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“How” to “Wow”

~ Deepa Soman

The Beginning:

We are at a client meeting in mid-June 2018 where she brings up an earlier conversation and says, “Guys, you understand technology. You mentor VR companies. Will you be able to make a VR film to showcase our research and development capabilities for internal stakeholders and regulators?

We say “yes” and “we have not made one yet and we are excited to make our first”

Examples of Successful VR Employee Training | DDINC - Lumière Solutions
Scope of VR
(Image Source : Designing Digitally)


The next step is to envision the “how” and detail out the scope of work.

There is a lot of tedious back and forth to create the value proposition and get sign-off from the commercial team. The product procurement science does not lend itself to appreciating and valuing intellectual capital in the services space. This led to angst and frustration every now and then. Milind Soman was the project mentor who brought his global project and program management expertise to the table. We were poised to move every mountain to see the project through closure to deliver the “wow”. Conceptualising a robust, multi-disciplinary team was the first step.

Building the Team:

Lumière Design Labs is set up. Rhea Soman’s background in industrial design, her interest in design strategy and film came to play. Rhea suggested we invite her college senior and friend, Rohan Sindgikar to the project. His film domain expertise and his experience working as assistant director in large projects was his differentiator. “He is a very thorough assistant director, very detail-oriented and excellent at editing. He writes well”. We invite Rohan to be the Project Manager. Simultaneously we evaluate and find a technology partner with scale, bandwidth and experience in VR film-making. We study their credentials. A few calls and a meeting later, we know we have alignment and a meeting of minds on values and customer ownership. A multi-location, multi-disciplinary team is forged.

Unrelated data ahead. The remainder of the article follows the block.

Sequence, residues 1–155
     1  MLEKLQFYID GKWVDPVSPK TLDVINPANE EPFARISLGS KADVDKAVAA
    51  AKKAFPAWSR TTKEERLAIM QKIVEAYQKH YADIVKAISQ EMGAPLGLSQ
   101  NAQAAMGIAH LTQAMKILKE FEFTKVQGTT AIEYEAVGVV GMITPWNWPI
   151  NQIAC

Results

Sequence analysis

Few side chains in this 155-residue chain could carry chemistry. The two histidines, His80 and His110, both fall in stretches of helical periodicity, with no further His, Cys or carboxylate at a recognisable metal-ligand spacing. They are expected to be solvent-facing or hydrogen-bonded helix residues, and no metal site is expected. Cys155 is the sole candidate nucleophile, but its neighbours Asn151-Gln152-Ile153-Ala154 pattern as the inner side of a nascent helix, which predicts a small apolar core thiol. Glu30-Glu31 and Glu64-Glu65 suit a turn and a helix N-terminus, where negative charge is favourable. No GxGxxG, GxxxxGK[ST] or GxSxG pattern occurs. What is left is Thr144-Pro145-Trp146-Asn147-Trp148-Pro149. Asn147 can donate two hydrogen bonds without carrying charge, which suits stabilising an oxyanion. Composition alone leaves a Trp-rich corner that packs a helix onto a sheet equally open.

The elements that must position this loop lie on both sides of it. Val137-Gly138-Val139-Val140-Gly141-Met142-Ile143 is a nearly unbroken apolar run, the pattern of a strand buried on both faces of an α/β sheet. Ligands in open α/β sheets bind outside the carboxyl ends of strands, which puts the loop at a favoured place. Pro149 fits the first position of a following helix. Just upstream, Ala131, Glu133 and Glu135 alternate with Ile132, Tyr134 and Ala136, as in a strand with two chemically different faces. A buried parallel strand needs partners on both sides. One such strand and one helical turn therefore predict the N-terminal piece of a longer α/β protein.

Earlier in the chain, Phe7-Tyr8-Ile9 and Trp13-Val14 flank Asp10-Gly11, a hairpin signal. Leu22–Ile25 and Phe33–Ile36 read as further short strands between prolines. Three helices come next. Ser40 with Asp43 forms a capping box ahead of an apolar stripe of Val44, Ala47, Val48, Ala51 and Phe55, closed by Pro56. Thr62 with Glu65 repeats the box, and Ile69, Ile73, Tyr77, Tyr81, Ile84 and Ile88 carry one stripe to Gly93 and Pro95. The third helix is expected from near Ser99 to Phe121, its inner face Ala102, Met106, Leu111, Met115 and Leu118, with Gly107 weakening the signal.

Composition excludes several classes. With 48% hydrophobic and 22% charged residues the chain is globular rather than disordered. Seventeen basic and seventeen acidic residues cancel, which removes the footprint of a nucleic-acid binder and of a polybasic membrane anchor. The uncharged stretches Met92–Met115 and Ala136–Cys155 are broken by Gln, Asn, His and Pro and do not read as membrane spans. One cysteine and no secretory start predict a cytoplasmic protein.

The End Goal:

The end goal was a moving target. We had written a first proposal to make one VR film. This required multiple films, each for each of the 14 locations and sub-stories. The initial brief was to film one knowledge partner, two experts, one pilot plant, one manufacturing facility, and one store. As we discussed and kept building on the ask, this had gotten enriched manifold. We eventually were ready to deliver 14 Virtual Reality films and showcase one 17-minute master film on the 20th of November.

Here are a few highlights of last 4 days leading up the last ball of the match…

Sunday 18th November, 5 pm:

The project manager calls to say that the technology team has put up their hands. We are hours away from the Tuesday 20th deliverable. They are exhausted and cannot do anything more. Panic can kick in and tempers can rise. The project mentor asks the project manager to get the technology partner leadership team to get on a call. Getting the technology team’s Project Leader on the call is critical to motivate the team. “If we slip now, we would have lost all the good work we have done in the past five months”, says Milind. He is speaking calmly and respectfully even as he is showing the team what the face of failure could look like. No raised voices, no blame. All the hard work of the past five months will be lost if we could not deliver the “wow”. The team goes away invigorated and we keep the faith.